When you release equity on your home, you are obliged to first pay off any outstanding debt on your current mortgage. This is to ensure that there is only one creditor with a claim to the property and helps prevent disagreements further down the line.
As a result, when you release equity, you won’t have to make any more mortgage payments. This immediately frees up some of your monthly income, which you can put towards other expenses instead.
Top Up or Replace Your Monthly Income
If you have experienced a fall in income, either due to being furloughed or having lost your job, you are probably looking for ways to replace the lost funds.
Equity release could be one way to stabilize your finances, by providing access to a large pool of money using your home.
When you take out a lifetime mortgage, you have the option of releasing funds in a single lump sum, or by setting up a ‘drawdown’ facility. A drawdown facility allows you to withdraw smaller amounts from your home over regular periods of time- a bit like a salary.
One benefit of this is that you don’t take out all of your debt at once, meaning that the interest on your equity release has less time to build up.
Depending on how much equity you have in your home, you may be able to replace your monthly salary.
For example, a person who is 65 years old with a home worth £350,000 and £20,000 left on the mortgage could potentially access up to £140,000 equity, according to StepChange debt charity.
This is enough to pay almost a full-time £29,000 salary (the UK average) for almost five years.
Spruce Up Your Home
Thousands of people have taken early retirement in the wake of the Coronavirus crisis, and many millions more have been forced to spend much longer cooped up at home than they normally would.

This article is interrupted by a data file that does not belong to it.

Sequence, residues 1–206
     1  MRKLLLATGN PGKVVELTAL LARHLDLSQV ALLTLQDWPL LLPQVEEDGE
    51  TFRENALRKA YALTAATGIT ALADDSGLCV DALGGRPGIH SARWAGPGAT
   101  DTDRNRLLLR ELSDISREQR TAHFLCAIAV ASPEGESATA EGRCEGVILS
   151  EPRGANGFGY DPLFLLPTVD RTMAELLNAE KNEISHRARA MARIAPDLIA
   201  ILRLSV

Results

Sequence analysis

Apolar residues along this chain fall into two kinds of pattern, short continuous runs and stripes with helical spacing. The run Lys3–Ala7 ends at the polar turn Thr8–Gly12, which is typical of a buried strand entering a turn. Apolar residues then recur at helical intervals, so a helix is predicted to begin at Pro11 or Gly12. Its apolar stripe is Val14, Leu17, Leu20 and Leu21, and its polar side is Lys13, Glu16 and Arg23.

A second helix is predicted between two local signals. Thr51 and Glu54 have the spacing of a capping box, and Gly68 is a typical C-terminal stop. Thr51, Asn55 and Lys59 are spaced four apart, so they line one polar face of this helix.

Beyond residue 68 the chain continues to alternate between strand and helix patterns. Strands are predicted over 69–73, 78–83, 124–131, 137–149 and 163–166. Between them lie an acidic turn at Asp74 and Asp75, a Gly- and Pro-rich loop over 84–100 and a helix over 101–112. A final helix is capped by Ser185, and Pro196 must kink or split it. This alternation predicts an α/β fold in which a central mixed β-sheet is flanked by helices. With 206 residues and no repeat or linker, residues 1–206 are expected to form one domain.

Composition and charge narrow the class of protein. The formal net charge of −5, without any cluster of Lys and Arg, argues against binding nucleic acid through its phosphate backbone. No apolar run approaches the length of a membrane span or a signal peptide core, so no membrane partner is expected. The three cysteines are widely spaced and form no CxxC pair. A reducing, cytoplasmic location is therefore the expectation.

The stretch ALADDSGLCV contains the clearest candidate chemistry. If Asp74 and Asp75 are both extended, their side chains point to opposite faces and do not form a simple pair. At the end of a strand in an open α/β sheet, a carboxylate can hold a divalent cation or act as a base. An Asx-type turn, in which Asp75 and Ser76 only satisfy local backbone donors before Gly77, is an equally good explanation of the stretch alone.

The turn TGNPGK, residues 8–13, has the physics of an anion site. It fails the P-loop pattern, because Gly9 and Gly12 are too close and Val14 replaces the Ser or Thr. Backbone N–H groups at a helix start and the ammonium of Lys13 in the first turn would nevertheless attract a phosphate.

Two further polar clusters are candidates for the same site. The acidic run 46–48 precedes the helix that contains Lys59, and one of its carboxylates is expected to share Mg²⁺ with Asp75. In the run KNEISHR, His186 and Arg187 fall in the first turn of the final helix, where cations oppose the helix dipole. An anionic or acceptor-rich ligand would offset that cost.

As a result, you may find yourself thinking more about ways to improve your home and make it a more comfortable place to spend your time. This could involve making adjustments to your property in order to make it more accessible, or simply revamping the décor to freshen things up.
Either way, equity release can provide you with the cash funds to take on home improvement projects so that you can make the most of the property you have and make it a more pleasant place to spend your time.
Equity Release Considerations
As with all major financial decisions, it is important not to rush into equity release without thinking carefully about your options.
It can be very expensive to leave an equity release plan before the end of the term- some lenders may charge up to 25% of the total borrowed if you want to move house or get your money back.
If you are seriously considering taking out a plan, you may wish to speak to an independent advisor about your options to make sure it is right for you.
In the right circumstances, equity release can provide a financial lifeline which has the potential to greatly improve quality of life in retirement.
Equity Release Pros and Cons
|No need to sacrifice your quality of life despite a change in circumstances||Eats into potential inheritance for family|
|Replace the income lost when you left work or retired||Expensive if you change your mind|
|Tide yourself through a difficult period without taking on the burden of additional loan repayments|
How Can Equity Tree Help?
Here at Equity Tree, we have partnered with some of the UK’s leading Equity Release broker companies.
They have already helped thousands of people release equity already, and they can do the same for you.
Choosing an independent adviser means they won’t recommend a scheme unless they are sure it is in your best interests. Their advice is also regulated by the FCA, which gives you an additional layer of protection.
If you would like to speak to one of these equity release companies, click on the below and answer the questions.